J38 Cookie and freighter

Behind this group and inshore came some of the J16s. J26 Mike and J36 Alki were on our offshore side.

J36 Alki
We had moved from group to group in part to search from the J16s. Inshore of us were J16 Slick with her other two daughters: J42 Echo and J50 Scarlet. They went down for a dive, and then something amazing happened.

The trio of whales had been hugging the shoreline, but after a long dive, they surfaced maybe 75 yards away aiming right at us. We had a woman on board who is facing her second battle with cancer and whose favorite whale is J50 Scarlet. Slick and Scarlet came right alongside the boat. Surely it was a coincidence - but then again, I've seen things exactly like this happen so many times that you begin to wonder.

J16 Slick approaching
J50 Scarlet surfacing behind J16 Slick
J16 Slick and her youngest, J50 Scarlet
J16 Slick from behind
While we stayed parked with our engines off, the whole family group converged and surfaced on the other side of the boat.

Despite being overcast the lighting was exquisite, and I snapped some of my favorite pictures ever of J26 Mike.

Just beginning to surface
J26 Mike
J26 Mike
After this incredible pass, our time was up, and we slowly made our way back across Boundary Pass watching out for more of the overall very spread out whales. We ended up seeing whales from every matriline to confirm that all of J-Pod was present. On our way home, we got to head by Spieden Island, and while there's always something to see, this swing by had it all!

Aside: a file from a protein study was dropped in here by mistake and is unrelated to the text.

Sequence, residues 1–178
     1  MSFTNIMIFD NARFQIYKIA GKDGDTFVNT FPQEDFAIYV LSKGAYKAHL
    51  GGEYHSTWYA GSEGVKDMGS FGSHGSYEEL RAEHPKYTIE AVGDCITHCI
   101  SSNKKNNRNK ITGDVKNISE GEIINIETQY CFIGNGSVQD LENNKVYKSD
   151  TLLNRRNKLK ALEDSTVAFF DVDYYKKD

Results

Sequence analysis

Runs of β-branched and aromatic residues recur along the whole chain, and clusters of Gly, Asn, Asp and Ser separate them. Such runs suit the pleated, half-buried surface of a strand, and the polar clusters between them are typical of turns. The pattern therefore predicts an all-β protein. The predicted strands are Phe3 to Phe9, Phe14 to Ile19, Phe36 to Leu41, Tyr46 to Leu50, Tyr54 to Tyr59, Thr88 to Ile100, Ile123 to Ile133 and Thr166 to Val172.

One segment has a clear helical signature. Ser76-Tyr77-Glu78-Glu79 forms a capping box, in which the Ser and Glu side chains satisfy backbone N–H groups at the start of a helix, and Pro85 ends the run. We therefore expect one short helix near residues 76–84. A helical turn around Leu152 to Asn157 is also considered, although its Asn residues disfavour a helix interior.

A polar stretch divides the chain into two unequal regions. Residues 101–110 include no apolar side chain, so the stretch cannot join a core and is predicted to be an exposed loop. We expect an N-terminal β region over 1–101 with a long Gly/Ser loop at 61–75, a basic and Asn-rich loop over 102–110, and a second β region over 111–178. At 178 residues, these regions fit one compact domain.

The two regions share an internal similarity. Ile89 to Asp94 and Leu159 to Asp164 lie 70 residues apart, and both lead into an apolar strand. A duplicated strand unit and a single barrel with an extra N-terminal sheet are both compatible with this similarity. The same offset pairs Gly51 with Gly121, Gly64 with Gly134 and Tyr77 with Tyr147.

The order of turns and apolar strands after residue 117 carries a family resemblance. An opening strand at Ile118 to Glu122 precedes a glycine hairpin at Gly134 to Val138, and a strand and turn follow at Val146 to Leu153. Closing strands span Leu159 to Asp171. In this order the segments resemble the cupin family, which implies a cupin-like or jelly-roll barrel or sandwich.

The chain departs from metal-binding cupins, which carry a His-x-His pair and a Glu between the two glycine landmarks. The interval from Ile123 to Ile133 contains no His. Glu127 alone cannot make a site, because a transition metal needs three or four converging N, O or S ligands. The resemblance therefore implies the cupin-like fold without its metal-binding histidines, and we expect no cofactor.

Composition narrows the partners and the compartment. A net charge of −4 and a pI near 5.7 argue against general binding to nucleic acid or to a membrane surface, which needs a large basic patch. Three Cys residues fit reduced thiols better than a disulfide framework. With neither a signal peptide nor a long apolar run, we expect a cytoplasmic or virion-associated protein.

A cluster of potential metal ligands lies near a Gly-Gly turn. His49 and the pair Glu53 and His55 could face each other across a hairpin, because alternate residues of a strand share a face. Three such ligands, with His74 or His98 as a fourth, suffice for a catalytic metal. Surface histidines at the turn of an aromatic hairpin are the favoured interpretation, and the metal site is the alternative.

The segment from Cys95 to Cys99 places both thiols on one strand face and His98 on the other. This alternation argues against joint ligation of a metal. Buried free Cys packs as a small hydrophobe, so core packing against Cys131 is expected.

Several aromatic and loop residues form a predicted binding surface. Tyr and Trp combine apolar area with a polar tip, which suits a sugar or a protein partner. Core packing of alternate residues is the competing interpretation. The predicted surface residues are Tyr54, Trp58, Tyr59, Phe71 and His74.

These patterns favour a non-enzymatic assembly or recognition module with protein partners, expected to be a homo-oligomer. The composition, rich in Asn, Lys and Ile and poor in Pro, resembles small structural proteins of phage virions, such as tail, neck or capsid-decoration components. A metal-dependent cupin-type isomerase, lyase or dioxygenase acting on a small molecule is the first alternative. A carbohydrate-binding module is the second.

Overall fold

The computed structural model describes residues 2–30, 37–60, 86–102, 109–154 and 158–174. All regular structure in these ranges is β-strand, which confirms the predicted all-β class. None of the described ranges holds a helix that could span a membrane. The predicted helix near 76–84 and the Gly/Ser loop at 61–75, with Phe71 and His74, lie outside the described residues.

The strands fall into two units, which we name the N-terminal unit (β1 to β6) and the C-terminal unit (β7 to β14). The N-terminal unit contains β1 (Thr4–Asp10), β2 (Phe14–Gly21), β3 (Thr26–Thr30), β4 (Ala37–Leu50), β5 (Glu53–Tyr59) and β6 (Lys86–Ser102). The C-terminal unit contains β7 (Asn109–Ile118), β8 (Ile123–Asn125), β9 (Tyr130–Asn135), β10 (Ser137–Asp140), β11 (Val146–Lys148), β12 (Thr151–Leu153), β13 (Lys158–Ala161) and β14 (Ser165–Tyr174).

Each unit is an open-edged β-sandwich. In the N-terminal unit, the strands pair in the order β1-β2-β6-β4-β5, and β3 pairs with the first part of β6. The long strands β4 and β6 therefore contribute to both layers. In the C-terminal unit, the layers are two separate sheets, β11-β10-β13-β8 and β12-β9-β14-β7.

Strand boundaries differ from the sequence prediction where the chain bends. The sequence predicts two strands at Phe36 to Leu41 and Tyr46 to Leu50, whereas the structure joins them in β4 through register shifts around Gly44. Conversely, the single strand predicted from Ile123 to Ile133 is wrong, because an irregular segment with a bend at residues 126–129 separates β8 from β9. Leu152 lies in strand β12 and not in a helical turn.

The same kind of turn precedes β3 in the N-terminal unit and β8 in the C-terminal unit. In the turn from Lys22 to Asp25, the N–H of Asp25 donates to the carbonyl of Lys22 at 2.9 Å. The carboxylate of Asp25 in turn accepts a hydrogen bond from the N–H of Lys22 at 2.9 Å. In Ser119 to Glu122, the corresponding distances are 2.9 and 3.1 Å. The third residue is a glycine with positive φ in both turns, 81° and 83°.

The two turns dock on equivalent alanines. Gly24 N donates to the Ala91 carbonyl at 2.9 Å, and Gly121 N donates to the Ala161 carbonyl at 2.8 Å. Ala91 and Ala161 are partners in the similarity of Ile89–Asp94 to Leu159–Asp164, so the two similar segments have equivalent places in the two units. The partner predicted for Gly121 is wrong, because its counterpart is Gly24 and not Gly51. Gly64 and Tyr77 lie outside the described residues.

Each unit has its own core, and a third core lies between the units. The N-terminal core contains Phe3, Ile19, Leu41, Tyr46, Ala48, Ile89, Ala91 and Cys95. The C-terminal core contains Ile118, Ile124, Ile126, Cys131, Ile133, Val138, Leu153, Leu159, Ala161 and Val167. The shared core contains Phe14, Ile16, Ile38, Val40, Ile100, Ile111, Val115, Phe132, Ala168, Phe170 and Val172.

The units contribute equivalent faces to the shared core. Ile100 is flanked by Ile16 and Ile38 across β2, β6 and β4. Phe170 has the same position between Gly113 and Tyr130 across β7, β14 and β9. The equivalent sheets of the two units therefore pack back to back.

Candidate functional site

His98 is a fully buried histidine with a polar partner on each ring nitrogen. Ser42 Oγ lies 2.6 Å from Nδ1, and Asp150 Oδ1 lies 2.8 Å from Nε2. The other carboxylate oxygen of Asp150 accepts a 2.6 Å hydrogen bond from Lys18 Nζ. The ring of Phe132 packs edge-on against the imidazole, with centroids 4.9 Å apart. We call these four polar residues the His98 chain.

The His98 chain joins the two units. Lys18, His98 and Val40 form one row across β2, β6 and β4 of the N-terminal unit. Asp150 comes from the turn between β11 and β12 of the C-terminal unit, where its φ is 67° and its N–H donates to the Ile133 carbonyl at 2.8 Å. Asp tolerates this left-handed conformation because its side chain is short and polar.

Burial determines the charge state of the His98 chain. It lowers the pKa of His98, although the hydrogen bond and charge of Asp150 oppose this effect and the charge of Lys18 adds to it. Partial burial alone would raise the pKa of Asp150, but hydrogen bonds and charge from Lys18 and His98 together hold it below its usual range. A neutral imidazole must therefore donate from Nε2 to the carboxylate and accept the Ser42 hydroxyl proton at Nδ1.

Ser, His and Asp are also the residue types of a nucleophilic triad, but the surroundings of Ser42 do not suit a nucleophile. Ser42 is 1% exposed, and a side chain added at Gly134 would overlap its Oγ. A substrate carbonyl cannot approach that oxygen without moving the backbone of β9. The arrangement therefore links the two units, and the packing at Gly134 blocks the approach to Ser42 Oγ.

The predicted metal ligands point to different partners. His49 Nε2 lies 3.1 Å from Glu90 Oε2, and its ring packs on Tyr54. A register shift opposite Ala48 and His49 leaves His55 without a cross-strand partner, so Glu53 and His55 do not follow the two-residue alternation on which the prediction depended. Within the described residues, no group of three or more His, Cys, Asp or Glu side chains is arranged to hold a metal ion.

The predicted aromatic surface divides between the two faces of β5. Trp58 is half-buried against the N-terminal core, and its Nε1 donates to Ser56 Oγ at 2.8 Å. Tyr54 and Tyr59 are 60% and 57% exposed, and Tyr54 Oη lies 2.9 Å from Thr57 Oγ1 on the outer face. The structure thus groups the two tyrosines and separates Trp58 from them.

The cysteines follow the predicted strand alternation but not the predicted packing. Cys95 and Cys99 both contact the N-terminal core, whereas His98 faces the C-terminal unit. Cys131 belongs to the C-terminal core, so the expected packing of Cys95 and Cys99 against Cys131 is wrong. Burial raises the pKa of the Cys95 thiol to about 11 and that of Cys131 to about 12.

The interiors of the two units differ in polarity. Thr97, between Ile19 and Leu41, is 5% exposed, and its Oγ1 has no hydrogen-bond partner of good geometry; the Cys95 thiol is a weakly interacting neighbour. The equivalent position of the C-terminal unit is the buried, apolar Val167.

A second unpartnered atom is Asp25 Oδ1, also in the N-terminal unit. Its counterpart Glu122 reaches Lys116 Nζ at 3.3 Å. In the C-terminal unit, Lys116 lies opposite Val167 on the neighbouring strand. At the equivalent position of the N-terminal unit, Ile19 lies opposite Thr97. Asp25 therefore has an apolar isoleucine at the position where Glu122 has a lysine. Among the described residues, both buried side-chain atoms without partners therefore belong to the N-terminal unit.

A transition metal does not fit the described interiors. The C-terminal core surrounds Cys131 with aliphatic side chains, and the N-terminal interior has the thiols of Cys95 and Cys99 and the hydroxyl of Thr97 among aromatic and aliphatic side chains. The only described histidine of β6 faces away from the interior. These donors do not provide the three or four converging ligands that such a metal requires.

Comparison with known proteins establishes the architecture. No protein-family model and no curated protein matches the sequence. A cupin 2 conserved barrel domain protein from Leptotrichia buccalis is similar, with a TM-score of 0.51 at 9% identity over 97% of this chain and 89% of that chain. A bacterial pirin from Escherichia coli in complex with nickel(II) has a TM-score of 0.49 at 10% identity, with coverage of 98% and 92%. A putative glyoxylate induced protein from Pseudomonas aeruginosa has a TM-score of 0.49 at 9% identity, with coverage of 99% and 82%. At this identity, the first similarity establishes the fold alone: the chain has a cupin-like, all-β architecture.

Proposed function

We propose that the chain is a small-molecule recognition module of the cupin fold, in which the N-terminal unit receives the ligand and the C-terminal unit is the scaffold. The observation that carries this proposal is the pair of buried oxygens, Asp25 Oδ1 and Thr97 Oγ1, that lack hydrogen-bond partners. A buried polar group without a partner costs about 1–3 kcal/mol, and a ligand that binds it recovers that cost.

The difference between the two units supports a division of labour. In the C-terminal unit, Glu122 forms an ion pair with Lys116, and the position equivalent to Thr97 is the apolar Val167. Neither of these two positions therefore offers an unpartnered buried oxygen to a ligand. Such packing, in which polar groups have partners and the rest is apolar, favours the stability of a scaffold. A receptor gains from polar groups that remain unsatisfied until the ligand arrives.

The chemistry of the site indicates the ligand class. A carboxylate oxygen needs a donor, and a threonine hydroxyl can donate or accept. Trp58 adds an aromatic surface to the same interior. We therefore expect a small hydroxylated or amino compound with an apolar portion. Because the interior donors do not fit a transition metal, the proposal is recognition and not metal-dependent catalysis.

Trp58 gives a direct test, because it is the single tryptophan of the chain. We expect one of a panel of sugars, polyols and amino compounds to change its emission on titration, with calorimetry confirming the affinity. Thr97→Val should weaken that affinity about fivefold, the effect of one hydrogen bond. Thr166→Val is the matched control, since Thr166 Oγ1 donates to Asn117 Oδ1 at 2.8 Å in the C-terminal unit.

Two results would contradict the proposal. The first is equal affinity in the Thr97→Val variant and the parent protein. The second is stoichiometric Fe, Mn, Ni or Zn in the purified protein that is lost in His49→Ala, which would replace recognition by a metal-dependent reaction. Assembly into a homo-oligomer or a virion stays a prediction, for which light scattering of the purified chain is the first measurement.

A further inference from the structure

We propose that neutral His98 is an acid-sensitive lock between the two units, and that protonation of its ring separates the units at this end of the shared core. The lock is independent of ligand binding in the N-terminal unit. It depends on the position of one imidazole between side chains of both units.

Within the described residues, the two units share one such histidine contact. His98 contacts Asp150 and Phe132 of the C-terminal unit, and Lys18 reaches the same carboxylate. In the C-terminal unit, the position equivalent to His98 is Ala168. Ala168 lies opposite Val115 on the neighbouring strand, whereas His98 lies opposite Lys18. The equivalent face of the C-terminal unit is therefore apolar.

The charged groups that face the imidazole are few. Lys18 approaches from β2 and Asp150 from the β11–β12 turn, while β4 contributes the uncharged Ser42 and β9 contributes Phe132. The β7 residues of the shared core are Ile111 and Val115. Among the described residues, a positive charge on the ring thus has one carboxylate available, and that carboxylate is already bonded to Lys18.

Hauled out harbor seals

The least common of the three exotic mammal species on Spieden: the Japanese sika deer
Family of river otters

While Mouflon sheep can be seen on the island year-round, we saw two things you don't get to see every day. One was the cute baby lambs that grace the island in the spring:

Tiny mouflon sheep lambs!
And the other was a pair down on the rocks. They do this sometimes to lick the salt, but these two seemed to be also eating the seaweed!

Of course, no trip to Spieden Island in the spring is complete without a visit with the Green Point Steller sea lions. The sun even peeked out to make for perfect lighting.